I have a sizable tried-and-true cookie recipe file, but I am always eager to discover new ones. Who doesn't love cookies?
Entrée Soufflé Recipe
Soufflés can be the star of savory dishes or even sweet dessert ones. The combinations are almost endless! Eggs, flour, milk, and butter are the primary building blocks. After that, you have your choice of which vegetables, fruits, meats, fish, seasonings, or other ingredients to use to create a stunning entrée, side dish, or flavorful dessert.
We have some fantastic neighbors. While we cannot get together and share meals as we did in the past due to the pandemic, we have still been sharing food. They recently brought over a very flavorful chicken entrée, and we decided to repay them with an entrée soufflé.
What follows is the recipe we made for their enjoyment.
|Prep time||Cook time||Ready in||Yields|
1 hour 10 min
2 to 3 hearty servings
- 1/4 cup butter
- 1/4 cup all-purpose flour
- 1 1/2 cups whole milk
- 6 eggs, room temperature
- 1 (10-oz) package frozen chopped spinach, thawed
- 1/2 cup grated Parmigiano-Reggiano cheese
- 1/2 teaspoon salt, or to taste
- 1/4 teaspoon fine black pepper, or to taste
- dash cream of tartar (optional)
Read More From Delishably
- Thaw the spinach and have the eggs and butter at room temperature before beginning to make this recipe.
- Remove excess moisture from the spinach by squeezing it in a clean dishtowel. (My husband's preferred method is to put the spinach through a potato ricer to remove the water from the spinach. He learned that tip by watching a food network channel, and it works beautifully!)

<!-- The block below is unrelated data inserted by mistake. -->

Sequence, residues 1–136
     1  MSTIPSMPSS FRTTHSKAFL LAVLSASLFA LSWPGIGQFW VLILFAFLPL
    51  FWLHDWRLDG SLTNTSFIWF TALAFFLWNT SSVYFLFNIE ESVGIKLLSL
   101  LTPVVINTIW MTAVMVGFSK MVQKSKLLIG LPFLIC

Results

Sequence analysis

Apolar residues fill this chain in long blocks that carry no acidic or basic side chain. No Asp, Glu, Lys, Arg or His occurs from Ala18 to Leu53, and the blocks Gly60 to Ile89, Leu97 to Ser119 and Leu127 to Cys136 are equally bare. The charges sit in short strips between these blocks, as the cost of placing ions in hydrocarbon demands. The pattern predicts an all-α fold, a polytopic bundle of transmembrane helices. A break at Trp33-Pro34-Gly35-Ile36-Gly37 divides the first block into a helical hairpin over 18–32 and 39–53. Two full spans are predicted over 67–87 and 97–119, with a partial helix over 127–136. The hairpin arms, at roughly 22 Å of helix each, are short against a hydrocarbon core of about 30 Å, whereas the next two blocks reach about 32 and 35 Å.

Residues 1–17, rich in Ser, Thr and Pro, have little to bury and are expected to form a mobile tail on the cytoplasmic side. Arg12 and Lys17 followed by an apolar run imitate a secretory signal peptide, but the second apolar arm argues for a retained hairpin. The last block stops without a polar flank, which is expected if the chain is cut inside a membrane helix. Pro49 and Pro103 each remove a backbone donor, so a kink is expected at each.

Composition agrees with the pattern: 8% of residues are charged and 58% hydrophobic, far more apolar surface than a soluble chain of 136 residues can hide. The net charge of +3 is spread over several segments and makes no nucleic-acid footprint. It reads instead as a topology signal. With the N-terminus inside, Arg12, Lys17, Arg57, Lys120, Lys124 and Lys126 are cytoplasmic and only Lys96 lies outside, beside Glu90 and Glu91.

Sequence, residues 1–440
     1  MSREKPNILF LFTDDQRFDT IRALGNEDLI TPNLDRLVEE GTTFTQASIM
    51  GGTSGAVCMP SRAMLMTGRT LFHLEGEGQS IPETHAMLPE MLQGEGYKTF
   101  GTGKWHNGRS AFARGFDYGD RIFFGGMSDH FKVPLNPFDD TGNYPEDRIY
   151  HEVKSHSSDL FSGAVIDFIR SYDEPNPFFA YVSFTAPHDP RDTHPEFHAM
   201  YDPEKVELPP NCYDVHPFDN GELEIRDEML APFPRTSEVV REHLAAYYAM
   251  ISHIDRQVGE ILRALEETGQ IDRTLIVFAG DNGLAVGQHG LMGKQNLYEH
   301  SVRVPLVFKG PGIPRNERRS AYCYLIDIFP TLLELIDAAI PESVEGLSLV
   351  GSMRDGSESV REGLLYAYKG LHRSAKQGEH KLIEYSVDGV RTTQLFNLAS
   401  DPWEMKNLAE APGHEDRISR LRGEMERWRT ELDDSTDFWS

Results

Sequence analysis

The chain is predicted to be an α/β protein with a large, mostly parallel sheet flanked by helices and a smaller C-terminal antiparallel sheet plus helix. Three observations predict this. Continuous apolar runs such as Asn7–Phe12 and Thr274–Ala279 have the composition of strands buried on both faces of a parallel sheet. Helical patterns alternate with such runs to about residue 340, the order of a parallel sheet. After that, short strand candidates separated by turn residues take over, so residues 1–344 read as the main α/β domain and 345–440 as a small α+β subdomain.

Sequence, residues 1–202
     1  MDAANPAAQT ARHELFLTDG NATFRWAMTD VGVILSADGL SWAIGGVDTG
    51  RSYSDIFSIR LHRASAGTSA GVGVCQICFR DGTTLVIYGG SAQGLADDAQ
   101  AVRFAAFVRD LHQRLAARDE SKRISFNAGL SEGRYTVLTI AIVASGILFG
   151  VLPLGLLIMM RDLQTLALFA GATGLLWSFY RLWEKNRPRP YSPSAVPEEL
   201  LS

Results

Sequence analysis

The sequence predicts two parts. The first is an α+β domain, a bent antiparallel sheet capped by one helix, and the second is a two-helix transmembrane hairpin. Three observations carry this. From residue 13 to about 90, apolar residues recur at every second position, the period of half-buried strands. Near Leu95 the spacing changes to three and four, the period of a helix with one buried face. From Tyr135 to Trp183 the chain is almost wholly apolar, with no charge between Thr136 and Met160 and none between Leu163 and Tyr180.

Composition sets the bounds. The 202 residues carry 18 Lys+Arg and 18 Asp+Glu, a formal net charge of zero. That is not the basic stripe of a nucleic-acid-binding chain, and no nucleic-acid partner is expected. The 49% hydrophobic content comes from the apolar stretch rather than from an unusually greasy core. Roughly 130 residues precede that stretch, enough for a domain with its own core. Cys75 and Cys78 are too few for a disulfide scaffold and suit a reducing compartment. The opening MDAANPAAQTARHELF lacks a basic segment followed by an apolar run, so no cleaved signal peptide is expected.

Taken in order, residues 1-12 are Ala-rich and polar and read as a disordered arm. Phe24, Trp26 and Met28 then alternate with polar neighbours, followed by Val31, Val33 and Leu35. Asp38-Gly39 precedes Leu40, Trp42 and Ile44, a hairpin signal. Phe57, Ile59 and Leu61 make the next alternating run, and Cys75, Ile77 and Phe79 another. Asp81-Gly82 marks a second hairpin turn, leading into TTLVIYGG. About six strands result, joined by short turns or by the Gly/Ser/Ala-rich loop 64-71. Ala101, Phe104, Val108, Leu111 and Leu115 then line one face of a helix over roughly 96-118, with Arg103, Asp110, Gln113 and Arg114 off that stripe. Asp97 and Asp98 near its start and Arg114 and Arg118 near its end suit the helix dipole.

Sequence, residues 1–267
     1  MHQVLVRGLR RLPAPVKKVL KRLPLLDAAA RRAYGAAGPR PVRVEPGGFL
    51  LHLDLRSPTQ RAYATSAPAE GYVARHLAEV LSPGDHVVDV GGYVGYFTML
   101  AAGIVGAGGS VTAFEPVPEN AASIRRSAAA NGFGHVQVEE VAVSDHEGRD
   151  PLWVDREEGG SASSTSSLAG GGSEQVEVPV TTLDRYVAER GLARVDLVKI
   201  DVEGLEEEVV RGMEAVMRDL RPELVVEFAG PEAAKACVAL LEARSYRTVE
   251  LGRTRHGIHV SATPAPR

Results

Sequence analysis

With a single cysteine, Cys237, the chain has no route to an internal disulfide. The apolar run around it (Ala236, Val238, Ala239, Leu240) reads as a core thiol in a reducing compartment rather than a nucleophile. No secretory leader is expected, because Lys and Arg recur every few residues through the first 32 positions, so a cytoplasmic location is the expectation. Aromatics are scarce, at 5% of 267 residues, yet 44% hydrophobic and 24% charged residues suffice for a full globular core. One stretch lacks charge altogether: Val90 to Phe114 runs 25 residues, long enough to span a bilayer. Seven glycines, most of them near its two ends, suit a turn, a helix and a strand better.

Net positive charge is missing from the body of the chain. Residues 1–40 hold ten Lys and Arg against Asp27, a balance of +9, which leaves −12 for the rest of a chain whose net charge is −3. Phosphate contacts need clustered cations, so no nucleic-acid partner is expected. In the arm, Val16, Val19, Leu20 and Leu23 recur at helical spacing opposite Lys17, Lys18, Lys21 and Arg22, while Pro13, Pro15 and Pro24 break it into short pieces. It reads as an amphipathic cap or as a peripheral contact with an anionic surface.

- Separate the egg yolks from the egg whites, discarding or saving one egg yolk for later use.
- Melt the butter in a large saucepan. When melted, whisk in the flour, stirring until well combined.
- Pour in the milk, combine, and keep stirring for a few minutes until slightly thickened.
- Add the pressed spinach into the mixture and stir until well combined.
- Next, add the Parmigiano-Reggiano cheese, again stirring until well combined.
- Add the beaten egg yolks to the pan, stir, and combine. Add the salt and pepper at this time. When everything is well mixed, remove the pan from the heat.
- While the spinach and Parmesan cheese mixture are cooling, beat the egg whites (with the cream of tartar, if desired) until they form stiff peaks.
- Gently fold the beaten egg whites into the pan mixture until everything is blended. Do not overmix!
- Pour the mixture into a 2-quart soufflé dish and bake in a 375-degree Fahrenheit oven for 45 minutes until golden on the outside and well puffed.
The only thing that will make a soufflé fall is if it knows you're afraid of it.
— James Beard
Serving a Soufflé
While the quote above is partially correct, walking the soufflé over to our neighbors did make it deflate a bit. Most soufflés, unless those that are intentionally fallen, last only so long before they maintain their glorious lift. Most of the time, hosts serve them immediately when they come out of the oven.
My husband has a recipe that he purposely makes a day ahead in individual ramekins. He then refrigerates the fallen goat cheese soufflé overnight, heating it the next day before serving it atop a salad.
There were no complaints from our neighbors. Reports came back that they loved our spinach Parmesan soufflé. I hope that you enjoy it as well.
© 2020 Peggy Woods